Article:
Monday, August 25, 2008

Thailand’s shaky coffers

Nakhonratchasima, Thailand — Thailand’s revered monarch, King Bhumibol Adulyadej, granted a royal audience to Bank of Thailand executives last week amid concern for the country’s coffers, which many experts have described as depleted to the point of bankruptcy. The same week, the Thai king was called the world’s richest royal by Forbes magazine – which was denied by the Thai government.

The audience was to allow the finance leaders an opportunity to present proceeds from the sale of commemorative banknotes in celebration of the king’s 80th birthday, but it also served as an opportunity to discuss domestic and international threats to Thailand’s economic stability. Facing decreased exports from a stronger baht and more competition from fellow ASEAN partners, Thailand’sf inances, like those of most other nations these days, are anything but solid.

Corruption by leading politicians has been a major factor. Former first lady Pojaman Shinawatra was found guilty of tax evasion to the tune of more than a quarter of a billion baht (US$7.3 million) and her husband, former Prime Minister Thaksin Shinawatra, is with her on the lam in London, seeking asylum. As they do so, some 76 billion baht ($US2.1 billion) of Thaksin’s assets in Thailand have been frozen and are likely to be seized permanently, despite his attempts through legal counsel in Thailand to intercept any government efforts at taking what he took.

And while the Thaitanic is sinking, current Prime Minister Samak Sundaravej fiddles with one megaproject proposal after another, throwing in for good measure several smaller projects costing merely tens of millions of dollars. One is the forced relocation of students from a century-old school and the demolition of the school to be replaced with a brand new parliament building. All this work and guess what? No budget has been allocated.

But lack of money seemingly never bothered Samak, nor does it seem to give him much concern now. The prime minister recently reneged on a 45-million-baht pledge to the monarchy on the occasion of the queen’s birthday on Thailand’s Mother’s Day, Aug. 12. Only seven days after he had set up what he promised would be a 116-day celebration for the king and queen, the equipment and pomp were already torn down and forgotten.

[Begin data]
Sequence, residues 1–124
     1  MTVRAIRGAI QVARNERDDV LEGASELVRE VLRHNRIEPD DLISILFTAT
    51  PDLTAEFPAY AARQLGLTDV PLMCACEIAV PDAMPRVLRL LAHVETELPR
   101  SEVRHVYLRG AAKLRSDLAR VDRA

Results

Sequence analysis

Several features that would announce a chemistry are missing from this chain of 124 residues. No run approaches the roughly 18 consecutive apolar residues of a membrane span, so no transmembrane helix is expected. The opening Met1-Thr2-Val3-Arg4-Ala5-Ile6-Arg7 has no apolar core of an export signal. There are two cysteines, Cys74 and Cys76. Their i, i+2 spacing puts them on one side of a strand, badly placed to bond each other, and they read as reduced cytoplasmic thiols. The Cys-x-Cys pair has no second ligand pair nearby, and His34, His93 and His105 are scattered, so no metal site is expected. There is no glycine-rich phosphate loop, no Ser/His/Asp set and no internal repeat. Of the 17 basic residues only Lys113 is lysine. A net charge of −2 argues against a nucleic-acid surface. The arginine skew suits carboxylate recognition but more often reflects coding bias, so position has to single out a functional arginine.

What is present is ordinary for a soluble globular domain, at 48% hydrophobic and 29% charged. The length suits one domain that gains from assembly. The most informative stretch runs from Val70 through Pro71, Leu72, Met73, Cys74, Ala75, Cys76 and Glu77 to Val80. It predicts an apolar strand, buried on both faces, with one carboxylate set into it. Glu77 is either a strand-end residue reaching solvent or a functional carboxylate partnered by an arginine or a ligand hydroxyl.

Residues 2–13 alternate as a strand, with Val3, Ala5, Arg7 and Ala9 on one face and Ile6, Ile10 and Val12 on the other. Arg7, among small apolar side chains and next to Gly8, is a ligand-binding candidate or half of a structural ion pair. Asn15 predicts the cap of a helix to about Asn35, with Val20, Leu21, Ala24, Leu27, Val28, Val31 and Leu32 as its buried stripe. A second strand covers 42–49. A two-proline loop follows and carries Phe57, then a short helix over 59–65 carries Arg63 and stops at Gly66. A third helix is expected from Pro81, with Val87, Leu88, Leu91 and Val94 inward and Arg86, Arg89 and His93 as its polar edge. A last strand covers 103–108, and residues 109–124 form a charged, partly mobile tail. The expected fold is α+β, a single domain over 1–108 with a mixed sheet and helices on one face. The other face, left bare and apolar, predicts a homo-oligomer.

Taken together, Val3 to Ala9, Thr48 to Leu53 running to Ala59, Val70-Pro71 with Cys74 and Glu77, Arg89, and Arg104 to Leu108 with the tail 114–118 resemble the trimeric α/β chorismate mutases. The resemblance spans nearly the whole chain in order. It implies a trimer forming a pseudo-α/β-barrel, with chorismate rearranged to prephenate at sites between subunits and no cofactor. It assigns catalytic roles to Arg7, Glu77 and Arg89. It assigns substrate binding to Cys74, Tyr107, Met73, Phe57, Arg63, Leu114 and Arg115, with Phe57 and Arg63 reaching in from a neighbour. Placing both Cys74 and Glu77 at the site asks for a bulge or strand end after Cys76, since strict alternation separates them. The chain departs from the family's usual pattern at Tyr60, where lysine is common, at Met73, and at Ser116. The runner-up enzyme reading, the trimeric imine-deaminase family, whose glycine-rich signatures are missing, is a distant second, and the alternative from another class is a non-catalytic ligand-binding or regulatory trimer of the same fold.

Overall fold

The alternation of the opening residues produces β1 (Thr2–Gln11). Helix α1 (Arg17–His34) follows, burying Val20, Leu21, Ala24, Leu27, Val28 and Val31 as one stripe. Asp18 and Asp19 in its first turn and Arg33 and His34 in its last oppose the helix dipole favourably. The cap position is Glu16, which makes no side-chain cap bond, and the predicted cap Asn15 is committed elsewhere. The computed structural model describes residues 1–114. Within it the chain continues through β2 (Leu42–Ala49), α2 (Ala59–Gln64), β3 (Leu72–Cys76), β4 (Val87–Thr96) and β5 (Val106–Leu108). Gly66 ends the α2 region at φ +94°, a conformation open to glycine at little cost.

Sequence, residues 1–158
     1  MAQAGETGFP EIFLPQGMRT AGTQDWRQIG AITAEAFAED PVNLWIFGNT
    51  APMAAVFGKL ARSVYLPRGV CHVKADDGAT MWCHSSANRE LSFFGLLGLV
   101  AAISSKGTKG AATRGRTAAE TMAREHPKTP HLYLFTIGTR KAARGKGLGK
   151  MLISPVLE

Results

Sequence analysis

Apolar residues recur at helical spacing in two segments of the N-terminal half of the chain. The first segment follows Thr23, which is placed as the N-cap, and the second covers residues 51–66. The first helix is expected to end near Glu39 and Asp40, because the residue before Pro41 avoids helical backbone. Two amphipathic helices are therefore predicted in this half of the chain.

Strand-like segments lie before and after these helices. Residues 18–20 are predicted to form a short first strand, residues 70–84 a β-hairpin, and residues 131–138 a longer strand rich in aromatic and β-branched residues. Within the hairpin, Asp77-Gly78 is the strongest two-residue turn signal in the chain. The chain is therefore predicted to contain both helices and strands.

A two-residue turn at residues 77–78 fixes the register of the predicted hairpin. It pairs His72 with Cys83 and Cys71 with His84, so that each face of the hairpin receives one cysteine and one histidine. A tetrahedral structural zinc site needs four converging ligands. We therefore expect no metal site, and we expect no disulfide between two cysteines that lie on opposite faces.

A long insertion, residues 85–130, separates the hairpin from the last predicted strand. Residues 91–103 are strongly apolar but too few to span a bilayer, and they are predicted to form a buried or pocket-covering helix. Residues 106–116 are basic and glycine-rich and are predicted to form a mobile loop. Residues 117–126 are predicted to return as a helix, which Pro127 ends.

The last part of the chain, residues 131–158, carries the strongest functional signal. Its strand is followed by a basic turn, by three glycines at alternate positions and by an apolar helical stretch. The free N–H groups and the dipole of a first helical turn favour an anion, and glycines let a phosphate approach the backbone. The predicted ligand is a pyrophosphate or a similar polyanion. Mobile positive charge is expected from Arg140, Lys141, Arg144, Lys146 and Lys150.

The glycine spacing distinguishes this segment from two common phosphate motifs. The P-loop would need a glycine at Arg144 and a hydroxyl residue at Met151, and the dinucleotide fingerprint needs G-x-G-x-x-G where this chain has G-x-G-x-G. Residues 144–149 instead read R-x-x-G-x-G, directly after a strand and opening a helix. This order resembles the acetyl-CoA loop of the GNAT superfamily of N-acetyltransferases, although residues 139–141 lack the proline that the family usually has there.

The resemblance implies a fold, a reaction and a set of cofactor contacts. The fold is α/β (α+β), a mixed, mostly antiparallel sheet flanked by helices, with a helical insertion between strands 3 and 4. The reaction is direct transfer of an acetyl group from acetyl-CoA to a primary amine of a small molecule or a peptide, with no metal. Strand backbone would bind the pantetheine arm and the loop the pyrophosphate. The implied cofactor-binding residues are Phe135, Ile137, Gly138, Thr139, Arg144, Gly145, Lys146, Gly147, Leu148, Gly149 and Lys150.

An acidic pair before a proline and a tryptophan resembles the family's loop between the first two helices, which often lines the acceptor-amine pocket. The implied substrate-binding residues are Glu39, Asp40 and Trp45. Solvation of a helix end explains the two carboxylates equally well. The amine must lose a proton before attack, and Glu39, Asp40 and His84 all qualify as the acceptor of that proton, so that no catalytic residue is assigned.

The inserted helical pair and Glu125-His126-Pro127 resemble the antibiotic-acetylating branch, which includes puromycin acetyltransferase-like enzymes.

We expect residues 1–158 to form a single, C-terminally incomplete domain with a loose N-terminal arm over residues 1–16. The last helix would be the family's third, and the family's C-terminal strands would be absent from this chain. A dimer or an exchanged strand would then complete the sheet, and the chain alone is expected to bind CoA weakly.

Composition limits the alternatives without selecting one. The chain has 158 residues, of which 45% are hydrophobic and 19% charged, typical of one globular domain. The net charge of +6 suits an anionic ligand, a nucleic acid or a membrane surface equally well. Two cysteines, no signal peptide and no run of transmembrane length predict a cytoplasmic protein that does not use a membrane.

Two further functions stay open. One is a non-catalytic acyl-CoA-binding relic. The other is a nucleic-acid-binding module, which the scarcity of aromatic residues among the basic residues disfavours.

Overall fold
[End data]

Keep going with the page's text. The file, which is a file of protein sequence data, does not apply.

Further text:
Samak blamed the redirection of public interest to nearby People’s Alliance for Democracy protests, but Samak himself has proven to be a huge disappointment, even to the king apparently. When Samak first promised to set up the celebrations, the king said, to paraphrase, “I hope you actually go through with it.”

While Thailand’s national bank is on shaky ground, its U.S. counterparts have been trying to draft a game plan to help save the United States and the rest of the world form what some say is an imminent recession, to be quickly followed by some sort of actual depression. Most pro-government experts are denying rumors of a depression – and not a few even deny seeing clouds in the financial skies – but are at a loss to come up with any concrete data that disproves either recession or depression.

All we hear is “A really huge bank is going to go bankrupt soon.” Who? JPMorgan Chase? The huge economic damage caused around the world by high oil prices and the destructive impact of two major wars going on in Afghanistan and Iraq, as well as corporate corruption and greed that have undermined the stock market and finances in general, all combine to cast a dark shadow over those of us who are subject to so-called market forces – but not, it seems, over those who created the laws and regulations they now hide behind and are protected by.


(Frank G. Anderson is the Thailand representative of American Citizens Abroad. He was a U.S. Peace Corps volunteer to Thailand from 1965-67, working in community development. A freelance writer and founder of northeast Thailand's first local English language newspaper, the Korat Post – -- he has spent over eight years in Thailand "embedded" with the local media. He has an MBA in information management and an associate degree in construction technology. ©Copyright Frank G. Anderson.)

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